Greetings! Earlier this month I took a trip to visit Morocco. My itinerary included Rabat, Volubilis, Fez, Marrakesh, and Casablanca. It was a fantastic adventure from beginning to end with so much to explore and experience.
Today I'm sharing the top five sights that I've visited in Rabat, my side trip to the archaeological site of Volubilis, and a view of Moulay Idriss, considered to be the holiest city in Morocco.
TOP FIVE SIGHTS IN RABAT
- Morocco is a North African country that has a coastline on both the Mediterranean Sea and the North Atlantic Ocean.
- Morocco's official languages are Arabic and Berber. Berber language became Morocco's official language in 2011. French is widely understood and spoken in Morocco due to its history as a French protectorate (1912-1956).
- The King of Morocco is Mohammed VI.
- The local currency is the Moroccan dirham (MAD).
- The population of Rabat, Morocco's capital, is about 600,000.
- Both Rabat and Volubilis are listed as UNESCO World Heritage sites.
(Click to enlarge the pictures
1. The Kasbah of the Udayas
(Kasbah means citadel): This picturesque medieval fortress citadel was built in the 12th century during the reign of the Almohad Caliphate. From the Kasbah, we get a commanding ocean views and beautiful Andalusian gardens on its base. As we walked the small alleyways behind the fortified walls, my local guide explained that the walls are painted blue to keep flies away as as flies do not like blue.
|The Kasbah of the Udayas, Rabat, Morocco|
|Large doors at the Kasbah of the Udayas|
|Pathway from the Kasbah to the oceanfront|
|Blue-painted alleyway in the Kasbah|
2. The Mausoleum of Mohammed V:
|Iron gates to the gardens|
This royal family mausoleum contains the tombs of the Moroccan king Mohammed V and his two sons, late King Hassan II and Prince Abdallah. The mausoleum is known for its ornate Alaouite architecture and green tiled roof. The members of the Moroccan Royal Guard are on steeds at the gate of the mausoleum and stand on guard at the four entrances. The horses are changed every two hours. The interiors of the mausoleum reminded me of architecture that I've seen in Andalusia, Spain.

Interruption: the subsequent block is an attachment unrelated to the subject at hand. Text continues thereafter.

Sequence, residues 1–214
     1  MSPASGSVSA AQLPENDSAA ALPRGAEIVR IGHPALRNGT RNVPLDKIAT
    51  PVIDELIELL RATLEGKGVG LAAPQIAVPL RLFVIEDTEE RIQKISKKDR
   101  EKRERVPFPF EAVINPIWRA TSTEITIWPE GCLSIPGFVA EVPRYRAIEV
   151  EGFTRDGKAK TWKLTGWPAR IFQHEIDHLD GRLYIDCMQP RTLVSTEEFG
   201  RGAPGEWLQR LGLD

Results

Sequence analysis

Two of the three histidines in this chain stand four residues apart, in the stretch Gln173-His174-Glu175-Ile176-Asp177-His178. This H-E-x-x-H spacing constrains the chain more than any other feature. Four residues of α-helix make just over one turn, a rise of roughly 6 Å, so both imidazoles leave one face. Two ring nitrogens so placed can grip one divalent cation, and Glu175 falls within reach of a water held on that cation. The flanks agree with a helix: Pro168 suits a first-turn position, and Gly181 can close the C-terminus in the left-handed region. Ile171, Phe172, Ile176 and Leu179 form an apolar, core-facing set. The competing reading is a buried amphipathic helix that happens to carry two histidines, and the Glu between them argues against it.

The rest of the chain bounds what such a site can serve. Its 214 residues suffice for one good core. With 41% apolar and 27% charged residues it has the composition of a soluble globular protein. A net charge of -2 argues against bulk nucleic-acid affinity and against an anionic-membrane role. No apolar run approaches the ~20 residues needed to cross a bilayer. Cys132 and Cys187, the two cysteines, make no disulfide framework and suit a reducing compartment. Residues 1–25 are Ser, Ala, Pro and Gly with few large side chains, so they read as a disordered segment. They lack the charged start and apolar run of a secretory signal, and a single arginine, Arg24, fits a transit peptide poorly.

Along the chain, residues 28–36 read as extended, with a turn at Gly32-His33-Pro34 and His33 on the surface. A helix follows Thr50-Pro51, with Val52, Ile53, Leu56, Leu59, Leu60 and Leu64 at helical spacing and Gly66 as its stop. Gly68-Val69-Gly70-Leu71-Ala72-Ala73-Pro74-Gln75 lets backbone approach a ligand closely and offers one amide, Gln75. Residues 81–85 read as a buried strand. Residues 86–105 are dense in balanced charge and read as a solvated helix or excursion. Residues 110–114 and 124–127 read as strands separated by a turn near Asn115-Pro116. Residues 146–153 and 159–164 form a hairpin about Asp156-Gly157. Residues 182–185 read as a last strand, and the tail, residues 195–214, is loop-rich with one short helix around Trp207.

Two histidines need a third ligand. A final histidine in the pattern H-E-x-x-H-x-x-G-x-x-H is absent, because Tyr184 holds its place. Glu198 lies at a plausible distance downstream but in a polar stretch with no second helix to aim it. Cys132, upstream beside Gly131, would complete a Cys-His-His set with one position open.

|The Mausoleum of Mohammed V, Rabat, Morocco|
|A Royal Guard at the Mausoleum of Mohammed V|
|The ceiling of the Mausoleum of Mohammed V|
3. Hassan Tower
|The walls inside the Mausoleum of Mohammed V|
is located on the opposite side of the Mausoleum of Mohammed V. The tower, made of red sandstone in the 12th century, is the minaret of an incomplete mosque. It reached 44m (140 ft) about half of its intended 86 m (260 ft) height before its construction stopped. The rest of the mosque was also left incomplete with several walls and 348 columns being constructed. The doors and fountains facing Hassan Tower display beautiful designs.
|Hassan Tower, Rabat, Morocco|
|Doors facing Hassan Tower, Rabat, Morocco|
4. The Chellah
|Fountains facing Hassan Tower, Rabat, Morocco|
houses both Roman ruins and a medieval Muslim necropolis. Its history dated back to Phoenician time. Abandoned in 1154 and damaged further by the Lisbon earthquake in 1755, it is a fascinating place to wander around. The only remains of once-impressive mosque is the elegant stone-and-tile minaret, now topped with storks' nests, which is considered a sign of good fortune. Can you see a stork flying towards the minaret and a few storks on the minaret in my photo below?
|The Chellah, Rabat, Morocco|
|Exterior walls at the Chellah|
5. The Royal Palace
|Interior walls at the Chellah|
(Dar al-Makhzen) is the primary and official residence of the king of Morocco. The current palace was built in 1864. The large palace complex includes a school for members of the royal family, a mosque, living space for the king and the royal family, accommodation for the Moroccan Royal Guard, and extensive gardens and grounds surrounding the palace.
|The Royal Palace, Rabat, Morocco|
The archaeological site of Volubilis is about 120 km (75 miles) east of Rabat. Morocco has nine World Heritage sites in total, and this is one of them.
Volubilis was founded in 3rd century BC, and was abandoned in 11th century AD. The ruins reflect Phoenician, Carthaginian, Roman, and Idrisids cultures. If you're interested in ancient history, I'd highly recommend a guided tour to explore this large and amazing site.
|Archaeological site of Volubilis, Morocco|
|The Capitoline Temple, Volubilis|
MOULAY IDRISS CITY:
|Mosaic floor design in Volubilis, Morocco|
Upon leaving Volubilis, we passed by Moulay Idriss
, considered to be the holiest city in Morocco. The city is named after the Moroccan saint Moulay Idriss, a descendant of Muhammad, who died and was buried in 792 AD in the city that was eventually named after him.